Written accounts of witchcraft, witch trials, cunning folk, and folk magic were largely recorded by the Church, with all the prejudices associated with a highly biased account. Given that these practices were handed down generation to generation as a form of intangible heritage, the found objects we can reference to learn about these practices offer a fascinating look at the fears—and sometimes wrathful vengeances—secreted away in hearths and walls by our ancestors.
ICE & FIRE: HOW A FOLK DEMONOLOGY IN THE ‘LITTLE ICE AGE’ LED TO THE WITCH HUNTS OF THE 16TH & 17TH CENTURIES
The time period now commonly agreed—by historians and climate scientists alike—to be the ‘Little Ice Age’ lasted from between 1300 and 1850 A.D. The cooling was only slight (ranging from 2-5°C, depending on the region), but it was enough to slam Europe, and much of the Northern Hemisphere, into a climate event that saw unprecedented storms, unseasonal frosts, and ruined crops. “This decrease was large enough to leave Iceland completely surrounded by ice and to freeze the Thames in England and the canals in Holland routinely—both otherwise unheard-of events.” (Oster 218)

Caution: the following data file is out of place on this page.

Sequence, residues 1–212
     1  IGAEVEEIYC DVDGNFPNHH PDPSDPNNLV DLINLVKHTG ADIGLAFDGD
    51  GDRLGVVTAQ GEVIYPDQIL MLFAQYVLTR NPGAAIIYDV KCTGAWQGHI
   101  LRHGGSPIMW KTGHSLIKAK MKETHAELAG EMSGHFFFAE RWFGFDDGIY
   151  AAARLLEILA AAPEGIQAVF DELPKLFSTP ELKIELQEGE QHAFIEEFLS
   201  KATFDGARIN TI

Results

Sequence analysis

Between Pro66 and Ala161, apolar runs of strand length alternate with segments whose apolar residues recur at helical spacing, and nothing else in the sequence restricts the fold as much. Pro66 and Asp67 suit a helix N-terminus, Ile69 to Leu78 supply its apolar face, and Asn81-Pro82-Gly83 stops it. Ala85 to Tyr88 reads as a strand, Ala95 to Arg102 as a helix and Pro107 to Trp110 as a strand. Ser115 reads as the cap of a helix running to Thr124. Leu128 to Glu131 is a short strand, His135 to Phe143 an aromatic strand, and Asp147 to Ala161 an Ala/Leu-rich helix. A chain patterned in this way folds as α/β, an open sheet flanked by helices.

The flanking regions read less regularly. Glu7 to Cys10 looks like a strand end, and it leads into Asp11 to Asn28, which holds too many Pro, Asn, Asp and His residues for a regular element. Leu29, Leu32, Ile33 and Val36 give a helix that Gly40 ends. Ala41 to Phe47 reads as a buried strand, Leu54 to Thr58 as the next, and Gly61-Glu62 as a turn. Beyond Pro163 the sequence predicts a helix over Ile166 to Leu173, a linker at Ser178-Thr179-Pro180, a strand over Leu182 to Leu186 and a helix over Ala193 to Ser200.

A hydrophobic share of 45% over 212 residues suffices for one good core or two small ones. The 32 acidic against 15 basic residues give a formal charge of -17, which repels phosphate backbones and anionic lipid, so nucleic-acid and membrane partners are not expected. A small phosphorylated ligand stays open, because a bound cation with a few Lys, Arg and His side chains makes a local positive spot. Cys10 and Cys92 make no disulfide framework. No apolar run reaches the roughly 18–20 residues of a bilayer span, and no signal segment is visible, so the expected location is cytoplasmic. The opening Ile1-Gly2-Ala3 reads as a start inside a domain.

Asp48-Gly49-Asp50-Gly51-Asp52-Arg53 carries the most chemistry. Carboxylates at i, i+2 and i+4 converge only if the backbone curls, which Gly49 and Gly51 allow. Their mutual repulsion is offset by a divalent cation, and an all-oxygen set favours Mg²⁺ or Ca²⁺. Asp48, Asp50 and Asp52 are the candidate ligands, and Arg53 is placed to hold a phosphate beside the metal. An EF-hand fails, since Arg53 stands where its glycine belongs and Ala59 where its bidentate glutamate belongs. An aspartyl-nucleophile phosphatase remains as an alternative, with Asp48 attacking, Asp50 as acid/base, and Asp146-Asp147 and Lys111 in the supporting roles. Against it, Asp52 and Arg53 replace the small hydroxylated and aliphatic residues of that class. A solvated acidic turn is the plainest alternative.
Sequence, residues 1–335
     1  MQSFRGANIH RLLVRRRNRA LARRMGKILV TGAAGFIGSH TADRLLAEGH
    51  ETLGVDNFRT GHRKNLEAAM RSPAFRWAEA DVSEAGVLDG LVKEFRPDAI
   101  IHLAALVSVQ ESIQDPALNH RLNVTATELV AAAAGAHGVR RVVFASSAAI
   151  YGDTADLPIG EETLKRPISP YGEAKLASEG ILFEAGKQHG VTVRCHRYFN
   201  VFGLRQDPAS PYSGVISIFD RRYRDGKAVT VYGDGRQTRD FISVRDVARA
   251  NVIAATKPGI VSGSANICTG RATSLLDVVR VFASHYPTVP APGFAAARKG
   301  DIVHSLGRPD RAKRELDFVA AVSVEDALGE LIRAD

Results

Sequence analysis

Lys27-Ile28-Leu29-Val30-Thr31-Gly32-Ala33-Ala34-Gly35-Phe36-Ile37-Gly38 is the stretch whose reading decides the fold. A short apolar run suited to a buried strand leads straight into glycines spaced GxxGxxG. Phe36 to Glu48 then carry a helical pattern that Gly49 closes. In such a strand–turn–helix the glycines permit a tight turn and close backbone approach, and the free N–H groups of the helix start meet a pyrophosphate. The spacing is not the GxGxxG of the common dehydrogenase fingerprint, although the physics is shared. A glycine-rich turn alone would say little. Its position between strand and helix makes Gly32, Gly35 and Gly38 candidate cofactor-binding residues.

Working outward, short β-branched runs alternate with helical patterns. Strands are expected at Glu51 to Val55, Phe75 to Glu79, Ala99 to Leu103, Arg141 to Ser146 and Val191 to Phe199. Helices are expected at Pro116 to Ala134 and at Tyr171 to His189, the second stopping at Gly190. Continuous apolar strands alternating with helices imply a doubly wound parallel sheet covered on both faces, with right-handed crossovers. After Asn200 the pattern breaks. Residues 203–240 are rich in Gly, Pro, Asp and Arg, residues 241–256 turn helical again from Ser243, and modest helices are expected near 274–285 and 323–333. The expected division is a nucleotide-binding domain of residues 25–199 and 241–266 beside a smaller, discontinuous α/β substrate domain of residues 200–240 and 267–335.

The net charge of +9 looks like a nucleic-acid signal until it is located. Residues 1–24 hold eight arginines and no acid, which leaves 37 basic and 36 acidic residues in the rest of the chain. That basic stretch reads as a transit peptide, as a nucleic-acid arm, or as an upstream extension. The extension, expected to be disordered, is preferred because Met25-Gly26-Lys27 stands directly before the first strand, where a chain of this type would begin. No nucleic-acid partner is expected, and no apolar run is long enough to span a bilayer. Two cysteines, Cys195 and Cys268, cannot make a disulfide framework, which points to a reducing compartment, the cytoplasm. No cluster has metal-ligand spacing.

While there was a general cooling over the course of this 500-year period, there were two cold snaps in the 16th and 17th centuries that further strained hardship to the breaking point. Here I have gathered the research of economists, meteorologists, and historians to tell the story of the Little Ice Age and how people offered up their neighbours for slaughter in the hopes of a summer that would never come.
Ahhh, the cosy childhood memory of Mother Goose, what could be more innocent? But where did Mother Goose come from and what darker societal secrets is she hiding?
Everyone can identify with the desire to protect our homes. Today, might use alarm systems or family dogs to keep our domestic spaces safe from human predators, but our ancestors’ fears weren’t only for these terrestrial threats—they felt that their homes could come under attack from unseen forces as well.